The results are out for this year’s ranking on the top 25 fast foods that are committed to serving antibiotic-free meat to consumers.
Chain Reaction II, a report put together by six nonprofit organizations, evaluated the performance of different fast food restaurants in bringing down or eradicating antibiotic-treated meat in their menu. It shows an improvement from last year’s results, as the number of fast foods that “passed” has doubled.
Panera Bread and Chipotle Mexican Grill still got the highest ranking, with both getting an “A” grade.
Chick-fil-A, one of the pioneers in transitioning to antibiotic-free meat, received the same B rating as of last year. More than 23 percent of the chicken meat it uses is now antibiotic-free.
On the other hand, Olive Garden and KFC were seen to lag behind in terms of effort in dropping antibiotic treated meat.
Overall, however, there was progress, and this was mostly due to the influence of consumers.
“I think it shows consumers are driving change in how meat is produced,” lead study author Sasha Stashwick from the Natural Resources Defense Council, said.
Many food chains are veering away from the use of antibiotics for chicken.
McDonald’s announced early this year to eradicate antibiotics from its chicken supply. McDonald’s said it has completely transitioned to antibiotic-free chicken for almost 14,000 branches in the U.S.
The popular fast food chain received a rating of C plus this year, which is a half grade higher than last year’s. However, McDonald’s has yet to lay down its plans for beef and pork.
Subway climbed to a B grade from last year’s F. The jump could be attributed primarily to the restaurant’s decision this year to completely remove antibiotics from its meat supplies, which is a welcome move considering Subway did not participate in last year’s survey.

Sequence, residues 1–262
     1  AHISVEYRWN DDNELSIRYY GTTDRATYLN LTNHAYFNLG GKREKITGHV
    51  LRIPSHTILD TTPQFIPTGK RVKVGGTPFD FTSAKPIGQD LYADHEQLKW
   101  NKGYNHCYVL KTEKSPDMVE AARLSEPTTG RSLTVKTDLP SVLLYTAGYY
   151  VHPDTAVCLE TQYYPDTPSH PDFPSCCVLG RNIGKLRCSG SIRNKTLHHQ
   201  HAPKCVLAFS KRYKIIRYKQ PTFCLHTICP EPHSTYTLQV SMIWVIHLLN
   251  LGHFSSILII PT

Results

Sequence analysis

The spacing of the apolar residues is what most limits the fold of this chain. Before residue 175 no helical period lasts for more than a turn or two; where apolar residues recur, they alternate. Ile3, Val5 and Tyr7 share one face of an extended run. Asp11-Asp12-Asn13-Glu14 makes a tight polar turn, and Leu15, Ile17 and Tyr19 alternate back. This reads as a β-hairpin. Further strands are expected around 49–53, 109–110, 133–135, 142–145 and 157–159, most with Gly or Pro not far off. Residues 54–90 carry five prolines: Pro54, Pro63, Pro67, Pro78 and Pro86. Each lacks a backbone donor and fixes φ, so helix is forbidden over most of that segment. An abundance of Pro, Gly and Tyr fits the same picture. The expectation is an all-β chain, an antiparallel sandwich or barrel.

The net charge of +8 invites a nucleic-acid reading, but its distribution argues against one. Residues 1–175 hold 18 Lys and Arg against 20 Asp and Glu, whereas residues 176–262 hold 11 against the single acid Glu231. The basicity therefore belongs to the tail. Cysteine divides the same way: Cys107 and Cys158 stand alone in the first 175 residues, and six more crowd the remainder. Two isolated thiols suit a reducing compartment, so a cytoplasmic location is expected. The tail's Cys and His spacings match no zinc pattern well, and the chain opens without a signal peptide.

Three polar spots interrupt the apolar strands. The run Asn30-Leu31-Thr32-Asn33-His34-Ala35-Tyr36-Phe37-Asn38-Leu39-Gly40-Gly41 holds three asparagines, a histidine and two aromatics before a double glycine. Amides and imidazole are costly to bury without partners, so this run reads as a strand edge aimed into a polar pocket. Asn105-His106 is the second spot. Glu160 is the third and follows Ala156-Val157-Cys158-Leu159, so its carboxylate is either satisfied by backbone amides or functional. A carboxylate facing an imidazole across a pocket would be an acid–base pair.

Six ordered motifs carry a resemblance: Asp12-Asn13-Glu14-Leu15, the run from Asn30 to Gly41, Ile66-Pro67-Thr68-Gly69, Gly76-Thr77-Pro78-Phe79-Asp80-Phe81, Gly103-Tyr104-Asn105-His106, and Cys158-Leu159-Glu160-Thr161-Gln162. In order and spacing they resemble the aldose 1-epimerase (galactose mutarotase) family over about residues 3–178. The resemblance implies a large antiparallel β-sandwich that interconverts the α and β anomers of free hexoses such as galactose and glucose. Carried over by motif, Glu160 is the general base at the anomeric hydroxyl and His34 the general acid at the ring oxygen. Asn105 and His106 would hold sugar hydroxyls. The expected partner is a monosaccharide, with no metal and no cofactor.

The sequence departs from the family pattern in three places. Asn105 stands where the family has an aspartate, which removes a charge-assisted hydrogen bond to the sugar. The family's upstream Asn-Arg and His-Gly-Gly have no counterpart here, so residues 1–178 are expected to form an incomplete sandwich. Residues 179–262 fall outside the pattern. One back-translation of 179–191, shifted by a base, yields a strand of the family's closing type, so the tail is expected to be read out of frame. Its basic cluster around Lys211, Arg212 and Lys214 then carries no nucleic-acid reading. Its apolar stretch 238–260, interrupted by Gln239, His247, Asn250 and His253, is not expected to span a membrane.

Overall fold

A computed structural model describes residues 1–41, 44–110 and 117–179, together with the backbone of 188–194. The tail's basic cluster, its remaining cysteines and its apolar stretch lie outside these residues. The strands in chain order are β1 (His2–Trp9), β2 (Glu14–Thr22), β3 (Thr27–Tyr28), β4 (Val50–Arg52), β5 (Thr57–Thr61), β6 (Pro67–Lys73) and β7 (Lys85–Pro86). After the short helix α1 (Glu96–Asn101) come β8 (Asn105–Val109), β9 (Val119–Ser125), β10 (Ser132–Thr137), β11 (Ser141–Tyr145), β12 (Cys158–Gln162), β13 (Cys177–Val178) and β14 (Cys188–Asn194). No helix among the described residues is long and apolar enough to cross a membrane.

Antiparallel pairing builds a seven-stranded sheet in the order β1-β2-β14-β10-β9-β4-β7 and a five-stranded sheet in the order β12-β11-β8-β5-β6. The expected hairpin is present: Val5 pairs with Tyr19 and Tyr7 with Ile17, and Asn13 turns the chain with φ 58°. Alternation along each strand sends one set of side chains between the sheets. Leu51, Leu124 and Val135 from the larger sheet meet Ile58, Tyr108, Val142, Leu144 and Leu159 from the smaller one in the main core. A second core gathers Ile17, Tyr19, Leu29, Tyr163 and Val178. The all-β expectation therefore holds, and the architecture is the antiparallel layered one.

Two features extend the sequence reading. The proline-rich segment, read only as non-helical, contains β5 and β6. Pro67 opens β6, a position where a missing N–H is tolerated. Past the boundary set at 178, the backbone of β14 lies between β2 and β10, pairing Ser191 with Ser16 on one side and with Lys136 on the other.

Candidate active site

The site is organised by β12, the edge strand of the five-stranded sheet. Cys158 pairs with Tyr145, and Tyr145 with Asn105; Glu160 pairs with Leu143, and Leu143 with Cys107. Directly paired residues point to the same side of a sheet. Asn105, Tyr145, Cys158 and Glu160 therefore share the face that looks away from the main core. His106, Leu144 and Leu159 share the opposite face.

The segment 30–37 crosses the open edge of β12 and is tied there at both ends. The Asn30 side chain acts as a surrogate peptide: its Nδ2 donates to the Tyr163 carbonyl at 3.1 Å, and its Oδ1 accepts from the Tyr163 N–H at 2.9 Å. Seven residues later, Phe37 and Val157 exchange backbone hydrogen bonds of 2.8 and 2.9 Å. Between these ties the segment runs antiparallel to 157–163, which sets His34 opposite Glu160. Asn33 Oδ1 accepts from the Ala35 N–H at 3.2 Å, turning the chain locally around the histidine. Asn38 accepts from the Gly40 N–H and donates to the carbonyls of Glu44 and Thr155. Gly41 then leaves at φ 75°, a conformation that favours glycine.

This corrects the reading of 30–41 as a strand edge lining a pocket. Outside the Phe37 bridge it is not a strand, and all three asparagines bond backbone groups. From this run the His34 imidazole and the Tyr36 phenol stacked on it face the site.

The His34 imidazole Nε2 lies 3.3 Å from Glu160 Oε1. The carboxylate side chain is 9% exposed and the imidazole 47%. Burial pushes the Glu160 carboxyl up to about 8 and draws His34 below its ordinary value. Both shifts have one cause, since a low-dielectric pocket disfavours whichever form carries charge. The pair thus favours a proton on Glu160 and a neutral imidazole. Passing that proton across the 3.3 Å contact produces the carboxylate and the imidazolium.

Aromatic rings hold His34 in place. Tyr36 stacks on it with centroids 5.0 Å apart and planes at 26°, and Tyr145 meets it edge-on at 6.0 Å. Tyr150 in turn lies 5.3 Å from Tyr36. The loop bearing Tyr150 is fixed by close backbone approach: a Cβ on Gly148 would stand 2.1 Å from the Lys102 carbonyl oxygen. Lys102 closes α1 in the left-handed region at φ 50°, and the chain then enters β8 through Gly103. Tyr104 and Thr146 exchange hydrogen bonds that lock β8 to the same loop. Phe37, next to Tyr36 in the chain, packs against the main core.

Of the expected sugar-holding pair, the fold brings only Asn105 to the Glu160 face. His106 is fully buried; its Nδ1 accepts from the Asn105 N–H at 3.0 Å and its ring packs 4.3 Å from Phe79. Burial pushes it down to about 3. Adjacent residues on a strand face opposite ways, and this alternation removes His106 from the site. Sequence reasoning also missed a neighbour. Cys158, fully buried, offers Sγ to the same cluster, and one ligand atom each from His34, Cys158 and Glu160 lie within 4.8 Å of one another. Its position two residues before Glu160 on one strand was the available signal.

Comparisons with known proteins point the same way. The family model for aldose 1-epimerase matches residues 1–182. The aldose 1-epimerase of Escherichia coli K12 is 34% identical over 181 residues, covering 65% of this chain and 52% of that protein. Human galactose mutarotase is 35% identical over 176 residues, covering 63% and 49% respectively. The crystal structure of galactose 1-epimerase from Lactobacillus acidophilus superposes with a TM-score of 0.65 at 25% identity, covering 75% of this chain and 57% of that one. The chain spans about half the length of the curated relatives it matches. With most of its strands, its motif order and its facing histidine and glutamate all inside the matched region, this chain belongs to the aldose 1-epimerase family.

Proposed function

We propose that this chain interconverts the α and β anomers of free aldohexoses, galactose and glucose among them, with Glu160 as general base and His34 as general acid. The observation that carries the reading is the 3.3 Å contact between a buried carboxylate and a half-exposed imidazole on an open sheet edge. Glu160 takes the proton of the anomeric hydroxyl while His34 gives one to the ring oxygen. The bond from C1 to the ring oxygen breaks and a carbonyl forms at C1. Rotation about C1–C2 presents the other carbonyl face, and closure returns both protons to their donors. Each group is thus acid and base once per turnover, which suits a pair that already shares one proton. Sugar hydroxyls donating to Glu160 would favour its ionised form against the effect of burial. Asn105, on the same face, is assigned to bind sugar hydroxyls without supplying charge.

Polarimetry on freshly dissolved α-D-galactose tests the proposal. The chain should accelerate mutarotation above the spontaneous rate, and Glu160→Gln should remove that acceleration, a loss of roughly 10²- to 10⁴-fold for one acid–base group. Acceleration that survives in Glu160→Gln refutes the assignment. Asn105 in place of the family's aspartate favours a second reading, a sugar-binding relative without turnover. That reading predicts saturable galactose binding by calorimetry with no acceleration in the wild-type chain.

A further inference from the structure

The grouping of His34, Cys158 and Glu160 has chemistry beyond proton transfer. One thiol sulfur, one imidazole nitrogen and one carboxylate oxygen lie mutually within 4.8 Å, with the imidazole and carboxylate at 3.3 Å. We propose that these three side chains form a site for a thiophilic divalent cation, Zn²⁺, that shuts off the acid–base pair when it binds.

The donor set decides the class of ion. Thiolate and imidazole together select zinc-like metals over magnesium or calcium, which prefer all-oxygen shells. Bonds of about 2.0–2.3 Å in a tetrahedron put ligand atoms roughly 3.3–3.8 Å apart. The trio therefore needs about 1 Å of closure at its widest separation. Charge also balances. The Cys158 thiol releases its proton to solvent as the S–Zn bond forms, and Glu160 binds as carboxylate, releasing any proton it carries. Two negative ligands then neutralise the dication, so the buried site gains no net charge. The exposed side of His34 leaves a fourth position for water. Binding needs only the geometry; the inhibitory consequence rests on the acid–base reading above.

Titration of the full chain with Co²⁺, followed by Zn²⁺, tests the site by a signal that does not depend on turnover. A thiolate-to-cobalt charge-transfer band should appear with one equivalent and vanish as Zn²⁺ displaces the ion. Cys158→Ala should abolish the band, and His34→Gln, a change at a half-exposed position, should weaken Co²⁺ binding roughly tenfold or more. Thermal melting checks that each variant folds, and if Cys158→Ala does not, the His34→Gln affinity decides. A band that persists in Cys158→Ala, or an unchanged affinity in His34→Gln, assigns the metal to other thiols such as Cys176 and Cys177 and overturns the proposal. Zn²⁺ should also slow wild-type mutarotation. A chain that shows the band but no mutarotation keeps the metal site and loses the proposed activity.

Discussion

Taco Bell and Wendy’s both received a C grade, while Pizza Hut and Papa John’s got a D grade.
Still, 16 of the top 25 fast food restaurants were given an F grade for taking “no action to reduce use of antibiotics in their supply chains," including Burger King, Domino’s, Applebee’s, IHOP, Chili’s and Starbucks.
Antibiotic resistance is one of the most serious health problems that plague doctors and scientists today. Years of eating meat from animals treated with antibiotics has rendered many individuals immune to the drugs. This makes it difficult to treat infections that could have otherwise been addressed by taking antibiotics.
According to a fact sheet released by the World Health Organization: “Antimicrobial resistance (AMR) threatens the effective prevention and treatment of an ever-increasing range of infections caused by bacteria, parasites, viruses and fungi. AMR is an increasingly serious threat to global public health that requires action across all government sectors and society. Without effective antibiotics, the success of major surgery and cancer chemotherapy would be compromised.”
Every year, 480,000 people develop immunity to drugs that combat tuberculosis. Diseases like HIV and malaria are also becoming more difficult to treat. On top of these, the cost of health care for patients who display antimicrobial resistance is higher compared to those who have not developed resistance.
“Curbing the misuse of antibiotics in the meat industry is a public health imperative,” the study authors wrote.